How to Treat Your Writing Like a Business
When most people imagine the life of a writer, they typically think of two distinct characters – the glamorous bestseller and the starving artist. One is a visionary who pens a novel in a warm writing shed or a coffee shop then travels the world signing books. The other is a poor recluse, hunched over a desk, surrounded by the scrunched-up pages of a failed novel. Neither scenario truly reflects most writers’ lifestyles.
Talk to any bestselling author and you’ll quickly realise that they do a lot more than just write books. Modern authors, particularly those of us who self-publish, operate small business. Yes, we write, but we also manage paid ads, talk to merchandisers, do the finances, file legal paperwork, network and project-manage freelancers. We structure our work weeks, splitting our attention between business “departments” – even as a one-person operation. If we don’t, readers lose interest, profits fall and our dreams become unsustainable.
If you’re a new writer who hasn’t published yet, or you have a few books out but are struggling to earn a meaningful income, then perhaps you could change that by treating your writing like a business. Today’s blog post will explore a few key practices you could adopt to make that happen. Together, they should greatly improve your chances of turning pro.
A notable difference between those who write as a hobby and those who rely on it to pay their bills is their focus on production. According to Written Word Media’s 2019 Author Income Survey, “100kers” – writers earning over $100,000 a year – are significantly more prolific than “emerging” authors who earn less than $60,000. The data states that 100kers spend 32 hours a week writing on average and have 28 titles in their backlist while emerging authors only spend 18 hours writing and have 6 books. The trend is clear: more writing equals more income.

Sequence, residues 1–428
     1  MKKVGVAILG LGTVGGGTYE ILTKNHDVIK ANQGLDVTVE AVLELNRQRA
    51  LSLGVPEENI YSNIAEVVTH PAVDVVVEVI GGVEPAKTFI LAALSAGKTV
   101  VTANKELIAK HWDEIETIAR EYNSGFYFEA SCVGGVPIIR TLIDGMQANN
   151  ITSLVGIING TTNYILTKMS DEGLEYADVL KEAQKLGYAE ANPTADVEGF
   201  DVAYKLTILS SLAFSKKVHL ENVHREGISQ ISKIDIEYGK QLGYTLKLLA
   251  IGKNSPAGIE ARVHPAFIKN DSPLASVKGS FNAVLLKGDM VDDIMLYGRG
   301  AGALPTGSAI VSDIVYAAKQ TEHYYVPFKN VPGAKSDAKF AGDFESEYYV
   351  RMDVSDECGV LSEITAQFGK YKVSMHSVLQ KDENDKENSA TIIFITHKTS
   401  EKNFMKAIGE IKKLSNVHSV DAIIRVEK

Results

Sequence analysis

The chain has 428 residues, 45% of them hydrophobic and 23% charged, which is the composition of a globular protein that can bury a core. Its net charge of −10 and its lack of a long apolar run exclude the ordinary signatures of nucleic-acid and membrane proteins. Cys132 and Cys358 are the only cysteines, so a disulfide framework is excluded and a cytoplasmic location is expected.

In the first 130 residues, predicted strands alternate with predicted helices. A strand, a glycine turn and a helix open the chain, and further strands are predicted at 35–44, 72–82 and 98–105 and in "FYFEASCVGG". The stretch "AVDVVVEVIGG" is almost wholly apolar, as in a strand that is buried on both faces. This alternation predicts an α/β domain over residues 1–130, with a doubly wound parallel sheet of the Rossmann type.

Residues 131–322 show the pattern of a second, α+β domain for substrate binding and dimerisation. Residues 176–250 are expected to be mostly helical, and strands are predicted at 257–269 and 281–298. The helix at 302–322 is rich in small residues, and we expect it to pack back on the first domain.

A good work ethic is necessary if you want to see rewards. That could mean working regular office hours. Or if you procrastinate a lot, you might want to focus more on your word count than the number of hours you spend sat at your desk. It’ll be difficult at first, but a writing habit can be trained for endurance like a muscle. While writing more than 500 words a day might seem daunting now, by gradually raising the bar over several months, you can condition yourself to manage thousands in one session without much trouble. Extremely productive writers habitually produce 40,000+ words a week and publish a book every 30 days. This routine might seem gruelling but it’s worth it when you learn that many of these super-authors make six figures a month for their effort.